The belief is the viral load in wastewater is a precursor to a surge in cases and symptoms in the region.
The Massachusetts Water Resource Authority reported a seven-day rolling average of 130 copies of viral load per milliliter for southern areas of the water authority zone and 178 copies for areas north of Boston, with a daily high of 271 copies on Wednesday in the north and 263 in the south on Oct. 18.
Those numbers represent the highest levels measured since a daily measurement of 345 in the south April 21.
The highest measured levels of the pandemic were 361 in the north on April 8 and 366 in the south on April 6. The highest seven-day average was 312 in the south region on April 21.
Rates reached a low of eight copies in the north three times in June — most recently on June 27, and six copies in the south on June 22.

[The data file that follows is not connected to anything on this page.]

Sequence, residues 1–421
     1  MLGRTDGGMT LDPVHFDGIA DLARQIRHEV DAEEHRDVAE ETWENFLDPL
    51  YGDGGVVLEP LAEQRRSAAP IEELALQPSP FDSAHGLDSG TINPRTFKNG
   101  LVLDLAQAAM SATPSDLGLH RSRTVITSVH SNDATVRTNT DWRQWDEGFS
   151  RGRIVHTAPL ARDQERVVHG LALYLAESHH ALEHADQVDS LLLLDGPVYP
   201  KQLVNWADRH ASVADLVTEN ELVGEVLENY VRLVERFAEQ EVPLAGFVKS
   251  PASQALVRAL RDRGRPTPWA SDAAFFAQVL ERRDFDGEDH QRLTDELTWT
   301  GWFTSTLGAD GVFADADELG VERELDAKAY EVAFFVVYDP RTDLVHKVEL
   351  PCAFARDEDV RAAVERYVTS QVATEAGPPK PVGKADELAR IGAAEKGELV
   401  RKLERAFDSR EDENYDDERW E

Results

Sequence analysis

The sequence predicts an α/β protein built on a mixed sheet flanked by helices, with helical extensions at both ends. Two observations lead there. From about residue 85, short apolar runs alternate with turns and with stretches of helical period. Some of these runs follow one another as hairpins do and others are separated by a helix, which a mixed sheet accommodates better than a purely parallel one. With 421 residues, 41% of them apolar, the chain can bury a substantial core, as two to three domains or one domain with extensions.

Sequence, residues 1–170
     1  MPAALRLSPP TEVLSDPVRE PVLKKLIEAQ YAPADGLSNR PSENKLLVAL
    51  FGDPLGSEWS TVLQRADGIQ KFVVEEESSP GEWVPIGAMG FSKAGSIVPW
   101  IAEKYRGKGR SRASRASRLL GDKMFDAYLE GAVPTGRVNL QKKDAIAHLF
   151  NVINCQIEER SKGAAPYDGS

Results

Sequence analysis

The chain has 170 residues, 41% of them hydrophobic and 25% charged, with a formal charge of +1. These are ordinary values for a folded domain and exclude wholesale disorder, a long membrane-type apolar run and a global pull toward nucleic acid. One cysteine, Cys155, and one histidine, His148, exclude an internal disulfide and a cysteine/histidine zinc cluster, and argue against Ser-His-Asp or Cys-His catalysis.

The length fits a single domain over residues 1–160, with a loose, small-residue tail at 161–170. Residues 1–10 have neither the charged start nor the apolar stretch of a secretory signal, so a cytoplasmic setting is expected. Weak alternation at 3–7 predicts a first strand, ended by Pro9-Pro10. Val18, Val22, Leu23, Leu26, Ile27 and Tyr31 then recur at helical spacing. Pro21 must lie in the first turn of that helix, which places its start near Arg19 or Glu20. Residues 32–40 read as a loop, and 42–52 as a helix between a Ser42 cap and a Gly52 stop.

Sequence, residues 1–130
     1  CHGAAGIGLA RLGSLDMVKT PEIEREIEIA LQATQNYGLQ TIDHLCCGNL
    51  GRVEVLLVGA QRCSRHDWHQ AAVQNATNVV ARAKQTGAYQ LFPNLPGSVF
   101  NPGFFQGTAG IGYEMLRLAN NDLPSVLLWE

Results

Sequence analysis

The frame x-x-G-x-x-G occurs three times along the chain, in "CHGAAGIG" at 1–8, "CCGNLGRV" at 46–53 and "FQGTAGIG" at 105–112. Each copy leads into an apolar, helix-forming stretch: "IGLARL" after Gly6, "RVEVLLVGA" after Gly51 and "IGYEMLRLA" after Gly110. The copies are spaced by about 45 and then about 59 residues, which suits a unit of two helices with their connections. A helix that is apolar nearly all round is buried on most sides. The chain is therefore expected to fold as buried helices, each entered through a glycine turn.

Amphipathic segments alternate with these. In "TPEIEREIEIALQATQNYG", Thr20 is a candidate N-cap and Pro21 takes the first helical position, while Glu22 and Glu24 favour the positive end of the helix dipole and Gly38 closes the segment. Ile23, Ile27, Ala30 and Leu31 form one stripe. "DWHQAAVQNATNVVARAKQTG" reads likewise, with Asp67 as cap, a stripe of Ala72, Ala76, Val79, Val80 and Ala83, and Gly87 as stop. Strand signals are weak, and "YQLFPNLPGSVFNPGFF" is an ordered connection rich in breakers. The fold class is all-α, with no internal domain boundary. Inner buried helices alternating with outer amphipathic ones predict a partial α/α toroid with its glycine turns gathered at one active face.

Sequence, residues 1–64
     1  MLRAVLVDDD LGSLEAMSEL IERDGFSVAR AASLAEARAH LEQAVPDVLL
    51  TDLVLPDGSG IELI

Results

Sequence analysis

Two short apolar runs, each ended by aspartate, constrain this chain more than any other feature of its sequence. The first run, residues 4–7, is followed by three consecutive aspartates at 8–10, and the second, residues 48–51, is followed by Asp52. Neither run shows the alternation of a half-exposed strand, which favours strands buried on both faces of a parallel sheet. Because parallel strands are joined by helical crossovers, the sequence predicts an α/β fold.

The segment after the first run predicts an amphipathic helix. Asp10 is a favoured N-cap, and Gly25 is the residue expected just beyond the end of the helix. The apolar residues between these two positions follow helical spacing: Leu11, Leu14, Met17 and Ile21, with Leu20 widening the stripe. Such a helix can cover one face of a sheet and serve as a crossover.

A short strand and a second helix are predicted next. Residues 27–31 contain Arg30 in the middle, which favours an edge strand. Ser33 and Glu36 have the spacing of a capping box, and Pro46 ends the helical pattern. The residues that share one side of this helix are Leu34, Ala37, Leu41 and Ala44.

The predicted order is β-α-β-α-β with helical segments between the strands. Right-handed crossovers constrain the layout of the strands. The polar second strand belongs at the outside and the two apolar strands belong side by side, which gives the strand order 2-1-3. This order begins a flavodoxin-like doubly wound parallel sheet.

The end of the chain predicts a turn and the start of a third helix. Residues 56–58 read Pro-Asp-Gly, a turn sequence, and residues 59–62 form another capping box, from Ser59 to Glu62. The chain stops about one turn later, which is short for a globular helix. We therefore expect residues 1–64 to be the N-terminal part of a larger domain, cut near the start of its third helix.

The water authority notes this is a pilot program of an evolving science. The results from this study are used by public health officials as an additional tool for the commonwealth to track how the pandemic is trending in Massachusetts, along with data from clinical tests, hospitalizations and other metrics.
The data, taken together, is used by state officials to make decisions about how to quickly respond, according to water authority.
The measurements coincide with a rise in coronavirus cases statewide in recent weeks.